Murphy really likes deus ex machina plot devices. He uses three or five of them in White Knight #7.
Given where the series goes, I’m not sure he really needed eight issues–this issue seems like the always intended, not drawn out, penultimate issue. There’s a lot going on, a lot of crowded rooms with exposition, a lot of rushed character moments, a handful of revelations. Murphy recenters White Knight on Batman this issue, which almost comes as a surprise. Whether or not it’s successful is going to depend on the finale–Batman makes some hard promises as he gets out of Arkham and teamed with Jack Napier. Murphy’s going to have to keep some of them.
He can’t just have it turn out Thomas Wayne was a secret agent fighting the Nazis. The series’s early success came from Murphy’s willingness to reveal red herrings to be real herrings.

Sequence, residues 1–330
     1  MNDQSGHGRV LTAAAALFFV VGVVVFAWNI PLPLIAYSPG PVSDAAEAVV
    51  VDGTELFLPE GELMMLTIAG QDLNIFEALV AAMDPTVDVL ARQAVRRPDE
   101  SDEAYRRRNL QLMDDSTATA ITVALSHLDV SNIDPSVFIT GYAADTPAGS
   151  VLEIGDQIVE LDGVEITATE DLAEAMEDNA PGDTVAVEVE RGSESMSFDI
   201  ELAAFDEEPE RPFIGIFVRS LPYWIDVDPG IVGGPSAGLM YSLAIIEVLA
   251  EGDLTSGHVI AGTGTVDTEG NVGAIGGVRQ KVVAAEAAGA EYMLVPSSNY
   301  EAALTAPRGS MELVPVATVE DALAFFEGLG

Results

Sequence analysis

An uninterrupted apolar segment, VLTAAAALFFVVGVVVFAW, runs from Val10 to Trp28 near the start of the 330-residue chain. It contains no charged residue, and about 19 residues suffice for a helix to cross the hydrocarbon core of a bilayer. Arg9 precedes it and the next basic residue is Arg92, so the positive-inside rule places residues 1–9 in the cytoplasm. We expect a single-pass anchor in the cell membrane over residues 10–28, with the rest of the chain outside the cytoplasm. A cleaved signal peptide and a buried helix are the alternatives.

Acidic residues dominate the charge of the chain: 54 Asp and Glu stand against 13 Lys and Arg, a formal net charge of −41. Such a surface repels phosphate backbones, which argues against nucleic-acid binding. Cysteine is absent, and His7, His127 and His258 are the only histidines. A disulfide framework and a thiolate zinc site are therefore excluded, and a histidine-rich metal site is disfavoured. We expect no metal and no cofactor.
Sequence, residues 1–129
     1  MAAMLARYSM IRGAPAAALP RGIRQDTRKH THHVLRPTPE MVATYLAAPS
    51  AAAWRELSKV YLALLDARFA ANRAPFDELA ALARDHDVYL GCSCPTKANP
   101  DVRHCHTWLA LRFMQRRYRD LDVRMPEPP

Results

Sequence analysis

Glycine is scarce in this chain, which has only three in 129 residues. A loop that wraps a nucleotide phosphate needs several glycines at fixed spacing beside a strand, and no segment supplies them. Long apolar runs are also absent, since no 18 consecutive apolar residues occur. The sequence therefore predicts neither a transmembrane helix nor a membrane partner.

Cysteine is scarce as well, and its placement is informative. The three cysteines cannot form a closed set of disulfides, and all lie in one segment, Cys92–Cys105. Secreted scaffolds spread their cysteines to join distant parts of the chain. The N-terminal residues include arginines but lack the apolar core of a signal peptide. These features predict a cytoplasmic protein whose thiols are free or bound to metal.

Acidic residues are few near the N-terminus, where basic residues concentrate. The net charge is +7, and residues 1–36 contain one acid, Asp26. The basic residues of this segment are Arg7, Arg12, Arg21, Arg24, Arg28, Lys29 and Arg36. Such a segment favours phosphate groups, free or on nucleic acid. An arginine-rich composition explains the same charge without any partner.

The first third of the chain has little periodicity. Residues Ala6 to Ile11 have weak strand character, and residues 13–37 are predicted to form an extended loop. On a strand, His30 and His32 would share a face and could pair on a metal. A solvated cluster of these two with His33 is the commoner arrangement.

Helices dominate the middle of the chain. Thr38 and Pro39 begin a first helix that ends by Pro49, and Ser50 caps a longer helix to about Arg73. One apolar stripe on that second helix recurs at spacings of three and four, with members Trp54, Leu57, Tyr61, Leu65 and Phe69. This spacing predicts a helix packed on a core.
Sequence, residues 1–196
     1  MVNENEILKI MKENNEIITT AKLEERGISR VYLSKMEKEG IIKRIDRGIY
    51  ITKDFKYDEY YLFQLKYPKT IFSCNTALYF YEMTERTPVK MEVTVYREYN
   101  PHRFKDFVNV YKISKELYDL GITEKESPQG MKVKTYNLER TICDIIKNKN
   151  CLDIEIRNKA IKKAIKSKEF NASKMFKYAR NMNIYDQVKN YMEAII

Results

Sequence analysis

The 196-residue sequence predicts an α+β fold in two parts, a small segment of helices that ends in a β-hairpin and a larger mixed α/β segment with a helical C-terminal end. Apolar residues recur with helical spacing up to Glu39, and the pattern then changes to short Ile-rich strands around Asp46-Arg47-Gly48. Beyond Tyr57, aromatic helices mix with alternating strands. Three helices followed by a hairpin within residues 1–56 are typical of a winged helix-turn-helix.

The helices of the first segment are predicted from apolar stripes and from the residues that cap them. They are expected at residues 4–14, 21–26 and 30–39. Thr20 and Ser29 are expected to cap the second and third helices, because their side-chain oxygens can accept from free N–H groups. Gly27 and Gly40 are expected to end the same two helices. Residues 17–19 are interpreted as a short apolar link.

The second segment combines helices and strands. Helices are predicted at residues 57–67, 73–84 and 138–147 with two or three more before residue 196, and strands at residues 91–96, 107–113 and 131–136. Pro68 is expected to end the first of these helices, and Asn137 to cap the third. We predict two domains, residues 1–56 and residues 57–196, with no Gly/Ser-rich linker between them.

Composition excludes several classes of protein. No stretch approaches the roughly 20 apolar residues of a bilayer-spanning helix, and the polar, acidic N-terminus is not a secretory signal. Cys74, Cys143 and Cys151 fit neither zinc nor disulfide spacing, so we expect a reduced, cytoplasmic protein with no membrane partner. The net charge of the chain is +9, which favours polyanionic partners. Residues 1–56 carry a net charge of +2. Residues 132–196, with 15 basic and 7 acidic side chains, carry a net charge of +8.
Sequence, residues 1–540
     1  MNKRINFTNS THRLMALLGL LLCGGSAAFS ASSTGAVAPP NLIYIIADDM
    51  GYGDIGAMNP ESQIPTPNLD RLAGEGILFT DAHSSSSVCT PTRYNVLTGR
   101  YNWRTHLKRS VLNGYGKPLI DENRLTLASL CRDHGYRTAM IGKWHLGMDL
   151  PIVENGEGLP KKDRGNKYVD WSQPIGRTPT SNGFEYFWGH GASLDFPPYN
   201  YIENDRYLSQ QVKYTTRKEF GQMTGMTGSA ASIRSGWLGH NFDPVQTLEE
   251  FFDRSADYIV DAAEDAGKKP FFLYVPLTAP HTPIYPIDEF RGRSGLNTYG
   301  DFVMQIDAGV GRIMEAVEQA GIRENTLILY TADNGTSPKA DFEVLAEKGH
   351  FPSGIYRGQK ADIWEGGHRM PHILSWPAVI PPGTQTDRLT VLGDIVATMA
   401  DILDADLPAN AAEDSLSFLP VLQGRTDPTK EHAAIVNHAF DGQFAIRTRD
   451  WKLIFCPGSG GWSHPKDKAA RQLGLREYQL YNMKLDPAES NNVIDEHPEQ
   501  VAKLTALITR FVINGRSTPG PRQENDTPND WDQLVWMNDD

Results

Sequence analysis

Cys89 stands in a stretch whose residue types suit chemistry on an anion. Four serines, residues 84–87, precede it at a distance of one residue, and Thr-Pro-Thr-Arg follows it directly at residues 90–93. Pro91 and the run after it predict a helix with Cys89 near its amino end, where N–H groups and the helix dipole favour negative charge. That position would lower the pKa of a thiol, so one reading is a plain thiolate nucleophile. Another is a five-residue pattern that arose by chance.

There’s a lot of awesome art–including the “Batman” TV show Batmobile getting some action–but the panels are mostly tiny. Grizzled Batman gets way too many big panels while Murphy’s gorgeous design work gets relegated to little ones. It might be Batman’s comic again, but it doesn’t mean he’s the most interesting thing to see. I mean, Jake Napier’s Jokering out uncontrollably, which Murphy does like a hybrid homage to Bolland and Sienkiewicz. It’s awesome art.
So Batman: White Knight might make it. Not the heights it initially promised, but some significant ones.
It’ll probably make a good trade. It could be a great movie (but not one of those animated ones… and most certainly not a live action one with Ben Affleck and Jared Leto).
Writer and artist, Sean Murphy; colorist, Matt Hollingsworth; letterer, Todd Klein; editors, Maggie Howell and Mark Doyle; publisher, DC Comics.